09 July 2020
For the first time since going Mac in 2006, I’ve replaced my laptop with one that, to most observers, looks identical to the one I had before.
It usually takes me about three years to outgrow a computer and need something more powerful for work. And, usually, that’s enough time for Apple to change the design of their laptops, so I not only get something that is new inside but is new outside, too.
That tricks my brain into thinking that what I have is this great new thing. A new visual and tactile experience that helps forge the important relationship between person and device.
The 2020 13” MacBook Pro does none of that. Most of the working day I’ve been forgetting that four years of computing technology innovation have taken place in what’s otherwise the same shell that was on my desk before.
But that undersells what this ‘new in old’ laptop actually achieves.
My efficiency has substantially improved. Everything, from external 4K displays now remembering their orientation and what windows were on them, typing in Asana on Safari actually happening in real-time rather than with a lag, applications steaming along responsively and even reliable sleep/wake cycles. It all adds up to the reason why I actually needed to upgrade.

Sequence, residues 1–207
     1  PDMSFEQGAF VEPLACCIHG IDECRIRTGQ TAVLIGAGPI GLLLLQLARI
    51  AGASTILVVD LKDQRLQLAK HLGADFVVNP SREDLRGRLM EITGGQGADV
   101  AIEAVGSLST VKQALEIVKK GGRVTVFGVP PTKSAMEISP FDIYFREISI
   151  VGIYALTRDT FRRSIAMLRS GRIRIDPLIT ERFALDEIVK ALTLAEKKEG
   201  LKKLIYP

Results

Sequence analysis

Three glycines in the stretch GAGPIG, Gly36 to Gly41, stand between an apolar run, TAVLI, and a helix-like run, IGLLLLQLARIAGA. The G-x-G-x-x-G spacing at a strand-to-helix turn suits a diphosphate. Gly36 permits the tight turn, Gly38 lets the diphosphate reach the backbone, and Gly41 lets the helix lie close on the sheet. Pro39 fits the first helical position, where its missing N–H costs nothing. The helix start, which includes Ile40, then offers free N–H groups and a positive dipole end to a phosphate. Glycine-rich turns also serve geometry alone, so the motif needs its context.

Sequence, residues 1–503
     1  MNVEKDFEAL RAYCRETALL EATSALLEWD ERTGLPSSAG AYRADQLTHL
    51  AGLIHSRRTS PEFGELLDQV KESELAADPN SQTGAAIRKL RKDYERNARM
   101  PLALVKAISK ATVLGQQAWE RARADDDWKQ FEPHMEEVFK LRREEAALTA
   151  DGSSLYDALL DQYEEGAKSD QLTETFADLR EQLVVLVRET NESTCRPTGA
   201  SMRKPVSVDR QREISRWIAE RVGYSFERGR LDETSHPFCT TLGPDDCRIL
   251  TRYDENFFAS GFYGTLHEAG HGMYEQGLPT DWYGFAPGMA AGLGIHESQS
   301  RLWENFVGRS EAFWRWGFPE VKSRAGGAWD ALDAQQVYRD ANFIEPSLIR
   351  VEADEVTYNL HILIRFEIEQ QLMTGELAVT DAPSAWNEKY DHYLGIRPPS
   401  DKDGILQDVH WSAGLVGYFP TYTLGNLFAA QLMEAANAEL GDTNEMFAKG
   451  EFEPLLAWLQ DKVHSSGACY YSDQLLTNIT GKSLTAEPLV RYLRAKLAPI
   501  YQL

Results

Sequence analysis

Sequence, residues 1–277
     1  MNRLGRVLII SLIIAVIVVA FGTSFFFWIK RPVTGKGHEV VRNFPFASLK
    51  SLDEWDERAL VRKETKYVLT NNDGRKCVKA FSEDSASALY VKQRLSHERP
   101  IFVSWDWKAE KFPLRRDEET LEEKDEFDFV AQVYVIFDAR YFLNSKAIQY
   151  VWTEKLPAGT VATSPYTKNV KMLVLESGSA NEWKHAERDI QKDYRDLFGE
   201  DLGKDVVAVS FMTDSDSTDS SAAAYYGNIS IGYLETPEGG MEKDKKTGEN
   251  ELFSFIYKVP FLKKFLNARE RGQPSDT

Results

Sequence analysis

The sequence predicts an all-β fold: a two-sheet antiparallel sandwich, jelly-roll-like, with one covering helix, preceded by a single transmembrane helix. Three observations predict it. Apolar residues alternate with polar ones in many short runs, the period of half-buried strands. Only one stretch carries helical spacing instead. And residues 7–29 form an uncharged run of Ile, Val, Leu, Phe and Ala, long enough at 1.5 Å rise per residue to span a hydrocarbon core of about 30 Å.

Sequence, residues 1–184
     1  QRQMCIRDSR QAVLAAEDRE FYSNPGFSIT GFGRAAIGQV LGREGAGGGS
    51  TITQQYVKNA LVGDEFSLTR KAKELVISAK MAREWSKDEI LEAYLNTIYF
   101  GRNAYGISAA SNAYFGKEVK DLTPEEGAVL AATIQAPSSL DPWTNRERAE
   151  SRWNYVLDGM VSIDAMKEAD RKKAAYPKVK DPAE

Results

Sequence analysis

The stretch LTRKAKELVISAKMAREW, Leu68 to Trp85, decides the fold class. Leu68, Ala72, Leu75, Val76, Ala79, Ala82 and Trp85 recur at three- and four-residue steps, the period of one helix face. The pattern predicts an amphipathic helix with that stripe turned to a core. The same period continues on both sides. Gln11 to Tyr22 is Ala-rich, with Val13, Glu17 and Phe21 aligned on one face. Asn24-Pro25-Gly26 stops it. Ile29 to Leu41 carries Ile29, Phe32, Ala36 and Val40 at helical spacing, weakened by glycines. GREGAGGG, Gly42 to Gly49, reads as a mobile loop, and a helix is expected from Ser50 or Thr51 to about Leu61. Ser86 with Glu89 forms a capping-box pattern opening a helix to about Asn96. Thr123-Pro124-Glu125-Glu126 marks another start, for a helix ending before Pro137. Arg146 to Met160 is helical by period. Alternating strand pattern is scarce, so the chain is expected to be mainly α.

But that lack of change to the physical shell has allowed other wonderful things to happen, also. For once I’m not discovering the flaws in Apple’s ever impressive and ambitious industrial designs. The new keyboard, separate escape key, better arrow keys and separate Touch ID button have created something very slick. The hinge tension is better, and with the more capable processor and greater amount of RAM has come a welcome decrease in noise and heat as my workload is now handled with ease.
There’s a lesson in this geeky rambling. Good design is good design. Good design doesn’t need to be cast aside and replaced without reason. Good design can be enhanced, refined and improved. Good design can survive changes in technologies and capabilities. Good design can become a trusted and reliable friend.
So, in the short amount of time that this new laptop has been gracing my desk and bouncing along in my satchel, I have learned not just to cap that insatiable desire for ‘new stuff,’ but also to deeply appreciate the finesse of this machine and how incredible it is that something can be so much better whilst to the casual observer appearing no different at all.